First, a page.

Read my next post on Les Miserables.

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Cosette

May 20, 2012 at 3:08 am (Events, Reviews) (, , , , , , )

Notes from a Les Miserables Blog Hop

It took me longer to pluck through Cosette than it did for Fantine.  Only because it was so engrossing, I had to take a delicious detour into the historical writings of Charles Esdaile, author of Napoleon’s Wars.  Hugo was quite the scholar, and it shows in his writing, he goes on rants and exciting commentaries on things extremely relevant in his time, but which I feel a little less than educated on.  Not that you need additional reading to follow him, he is quite detailed.  I just like to know what I think about things before someone else tells me what to think of them.  So with new knowledge and a fresh perspective, I dove back into Cosette shortly after finishing Napoleon’s Wars, and I’m glad I did.  I recommend that anyone serious about reading Les Miserables, read a bit about the world prior to the introduction of Jean Valjean.

More than tell me much about Jean Valjean, it told me much about Hugo.  Often when reading work like Les Miserables, where all the characters go through long stretches of being miserable and down on their luck, I wonder what changed the author so to make them either so hardened or so empathetic (as one can write similar stories from two completely opposite positions).  Knowing more about the era, the place, being more familiar with my history, shed some light on those things.  For starters, Hugo writes about the aftermath (and even certain parts of the wars) with such passion.  He says things like, “Napoleon was one of those geniuses who rule the thunder” (pg.285) and “To make Wellington so great is to belittle England” (pg. 301).

Within the pages of Cosette, Hugo often references other writers and literature, comments and allusions to Aeschylus, Virgil, and Voltaire, just to name a few.  This got me even more curious about his frame of reference, his education, and I discovered he was trained to be a lawyer, but chose writing instead.  Not only did he write the novels we are all aquainted with, but poetry, a few nonfiction pieces, as well as founded and edited a literary journal.  He was highly devoted to the concept that everyone should have the opportunity to be educated, and in 1851 took part in the International Peace Congress in Paris.  As a member of the Legislative Assembly he was forced to flee France when Napoleon III came to power.  (http://www.spartacus.schoolnet.co.uk/EUhugo.htm).  Now, I can’t wait to own everything the man ever touched.  I’d also like to find out if those literary journals are available anywhere, but I haven’t looked yet.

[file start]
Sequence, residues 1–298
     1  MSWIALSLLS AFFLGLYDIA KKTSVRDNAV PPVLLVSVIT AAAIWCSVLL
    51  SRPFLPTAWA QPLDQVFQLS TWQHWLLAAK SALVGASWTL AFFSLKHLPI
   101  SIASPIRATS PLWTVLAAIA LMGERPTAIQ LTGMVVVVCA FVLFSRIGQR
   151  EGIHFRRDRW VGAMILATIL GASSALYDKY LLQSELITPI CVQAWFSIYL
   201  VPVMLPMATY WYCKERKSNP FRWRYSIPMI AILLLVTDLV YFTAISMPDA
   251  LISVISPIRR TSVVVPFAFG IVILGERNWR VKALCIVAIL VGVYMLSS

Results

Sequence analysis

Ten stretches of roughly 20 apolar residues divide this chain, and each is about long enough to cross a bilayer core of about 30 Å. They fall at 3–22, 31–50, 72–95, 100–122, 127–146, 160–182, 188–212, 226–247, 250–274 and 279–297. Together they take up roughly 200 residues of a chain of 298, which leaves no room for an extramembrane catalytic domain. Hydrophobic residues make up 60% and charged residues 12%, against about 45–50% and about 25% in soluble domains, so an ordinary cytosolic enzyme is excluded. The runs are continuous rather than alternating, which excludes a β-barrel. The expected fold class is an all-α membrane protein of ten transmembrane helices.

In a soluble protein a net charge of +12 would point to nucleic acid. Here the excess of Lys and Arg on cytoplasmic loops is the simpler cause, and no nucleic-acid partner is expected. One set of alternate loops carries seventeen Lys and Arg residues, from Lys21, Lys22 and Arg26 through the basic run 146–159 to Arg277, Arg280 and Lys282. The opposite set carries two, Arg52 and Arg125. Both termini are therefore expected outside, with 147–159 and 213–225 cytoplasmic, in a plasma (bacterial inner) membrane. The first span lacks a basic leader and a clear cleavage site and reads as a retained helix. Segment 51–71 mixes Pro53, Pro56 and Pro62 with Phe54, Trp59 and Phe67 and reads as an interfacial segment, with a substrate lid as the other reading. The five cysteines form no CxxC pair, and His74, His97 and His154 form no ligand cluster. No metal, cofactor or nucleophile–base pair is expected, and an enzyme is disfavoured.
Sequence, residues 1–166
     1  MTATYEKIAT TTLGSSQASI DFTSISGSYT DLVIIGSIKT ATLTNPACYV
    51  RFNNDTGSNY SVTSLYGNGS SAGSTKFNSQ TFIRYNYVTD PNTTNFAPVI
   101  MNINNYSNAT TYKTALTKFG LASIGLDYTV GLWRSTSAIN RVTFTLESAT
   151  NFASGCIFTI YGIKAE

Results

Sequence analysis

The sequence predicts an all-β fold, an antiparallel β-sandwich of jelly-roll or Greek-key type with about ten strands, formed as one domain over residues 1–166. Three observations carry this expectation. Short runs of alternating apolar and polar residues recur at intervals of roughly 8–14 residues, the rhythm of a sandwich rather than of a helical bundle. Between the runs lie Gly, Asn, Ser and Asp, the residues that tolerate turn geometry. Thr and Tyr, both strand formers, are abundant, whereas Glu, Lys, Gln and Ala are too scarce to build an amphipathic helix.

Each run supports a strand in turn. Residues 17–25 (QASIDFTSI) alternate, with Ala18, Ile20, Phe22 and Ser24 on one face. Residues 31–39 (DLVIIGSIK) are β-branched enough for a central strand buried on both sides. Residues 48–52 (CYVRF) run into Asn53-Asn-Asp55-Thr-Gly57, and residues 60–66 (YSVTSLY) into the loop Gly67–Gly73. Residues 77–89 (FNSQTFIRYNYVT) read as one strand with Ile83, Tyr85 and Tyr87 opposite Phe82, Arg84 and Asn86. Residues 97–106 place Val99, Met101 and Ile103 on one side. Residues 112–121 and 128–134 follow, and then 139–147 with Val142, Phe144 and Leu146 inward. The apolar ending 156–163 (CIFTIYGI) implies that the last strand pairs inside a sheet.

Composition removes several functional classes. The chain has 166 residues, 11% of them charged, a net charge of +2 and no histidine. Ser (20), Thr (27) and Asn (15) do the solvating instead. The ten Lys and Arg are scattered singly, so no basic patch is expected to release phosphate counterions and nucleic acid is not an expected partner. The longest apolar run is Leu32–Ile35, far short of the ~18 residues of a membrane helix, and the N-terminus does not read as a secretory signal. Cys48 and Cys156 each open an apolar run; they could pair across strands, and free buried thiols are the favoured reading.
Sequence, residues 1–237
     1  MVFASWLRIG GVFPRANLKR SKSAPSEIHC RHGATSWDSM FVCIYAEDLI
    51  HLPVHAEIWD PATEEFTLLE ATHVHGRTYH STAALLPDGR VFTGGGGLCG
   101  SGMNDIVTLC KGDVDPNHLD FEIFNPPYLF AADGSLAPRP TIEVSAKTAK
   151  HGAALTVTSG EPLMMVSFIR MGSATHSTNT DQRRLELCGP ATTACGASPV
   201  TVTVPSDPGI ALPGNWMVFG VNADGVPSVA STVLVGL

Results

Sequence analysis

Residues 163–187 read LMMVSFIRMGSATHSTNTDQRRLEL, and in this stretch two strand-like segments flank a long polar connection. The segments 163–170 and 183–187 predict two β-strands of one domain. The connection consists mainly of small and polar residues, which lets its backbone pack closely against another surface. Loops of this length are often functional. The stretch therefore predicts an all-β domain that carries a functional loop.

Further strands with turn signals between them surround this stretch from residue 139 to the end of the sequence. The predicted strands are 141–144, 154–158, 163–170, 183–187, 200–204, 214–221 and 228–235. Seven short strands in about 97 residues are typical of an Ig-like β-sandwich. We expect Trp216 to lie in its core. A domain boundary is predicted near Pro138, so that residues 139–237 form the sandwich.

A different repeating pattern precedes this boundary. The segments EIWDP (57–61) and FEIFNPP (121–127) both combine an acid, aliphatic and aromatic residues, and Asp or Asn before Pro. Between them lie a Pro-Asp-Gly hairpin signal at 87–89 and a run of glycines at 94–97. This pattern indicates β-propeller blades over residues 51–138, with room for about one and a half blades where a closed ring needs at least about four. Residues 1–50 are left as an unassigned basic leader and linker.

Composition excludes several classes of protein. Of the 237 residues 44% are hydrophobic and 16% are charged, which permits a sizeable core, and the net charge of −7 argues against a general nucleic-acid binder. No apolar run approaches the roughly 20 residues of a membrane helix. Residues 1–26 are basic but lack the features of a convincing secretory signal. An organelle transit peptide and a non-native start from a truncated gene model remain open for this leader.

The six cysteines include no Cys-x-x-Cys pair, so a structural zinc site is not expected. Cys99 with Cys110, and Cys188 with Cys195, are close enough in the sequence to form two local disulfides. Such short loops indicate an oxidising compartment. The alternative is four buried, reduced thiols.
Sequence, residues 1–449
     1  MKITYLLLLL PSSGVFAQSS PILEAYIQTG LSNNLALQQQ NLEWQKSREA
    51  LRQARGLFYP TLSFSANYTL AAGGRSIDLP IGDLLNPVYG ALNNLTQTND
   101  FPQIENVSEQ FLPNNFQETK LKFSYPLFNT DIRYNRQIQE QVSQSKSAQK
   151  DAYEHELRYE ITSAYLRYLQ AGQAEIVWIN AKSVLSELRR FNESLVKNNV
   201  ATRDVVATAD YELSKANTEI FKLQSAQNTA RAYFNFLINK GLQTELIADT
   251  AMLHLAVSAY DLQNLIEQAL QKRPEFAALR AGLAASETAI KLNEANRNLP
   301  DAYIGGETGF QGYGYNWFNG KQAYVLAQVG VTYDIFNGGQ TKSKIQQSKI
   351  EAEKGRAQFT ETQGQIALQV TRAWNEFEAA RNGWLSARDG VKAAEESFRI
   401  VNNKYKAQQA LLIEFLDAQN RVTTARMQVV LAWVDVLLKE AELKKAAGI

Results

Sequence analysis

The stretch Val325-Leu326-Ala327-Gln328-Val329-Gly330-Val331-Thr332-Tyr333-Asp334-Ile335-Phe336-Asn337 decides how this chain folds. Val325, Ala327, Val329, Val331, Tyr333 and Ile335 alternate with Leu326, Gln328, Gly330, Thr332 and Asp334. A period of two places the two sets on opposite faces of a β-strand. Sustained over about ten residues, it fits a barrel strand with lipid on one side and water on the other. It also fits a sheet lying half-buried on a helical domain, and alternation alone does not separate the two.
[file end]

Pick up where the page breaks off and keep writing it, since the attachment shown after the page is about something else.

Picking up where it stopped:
Of course, there’s more to Hugo’s writing than social commentary and history.  There’s a beautiful story unraveling about an old man and a young girl who need a family and have created one in each other.  Funny enough, it reminds me of the story starring Natalie Portman called Leon, The Professional.  Its a personal favorite of mine, and if you haven’t seen the movie, you should definitely check it out.  After reading all of Fantine’s history, and knowing all that Cosette had gone through with the Thénardiers, to have Cosette rescued from them led me to the deepest sigh of relief.  Like the first time you hear the story of Cinderella and discover she is no longer in the clutches of the evil step mother and sisters, Cosette leaving that household felt like she tumbled into a princessdom.  Now, I can’t wait to see what is in store for the unfortuneate but relatively happy pair next.

Follow my adventures through Les Miserables from the beginning.  Here you will also find the links to the Blog Hop’s host, Kate’s Library: https://anakalianwhims.wordpress.com/2012/04/12/les-miserables-blog-hop-8/

The post on Cosette by the Blog Hop’s Hostess, Kate’s Library, can be found here: http://kateslibrary.blogspot.com/2012/06/les-miserables-victory-hugo-post-2.html

Read my post on Marius (part 3 of Les Miserables).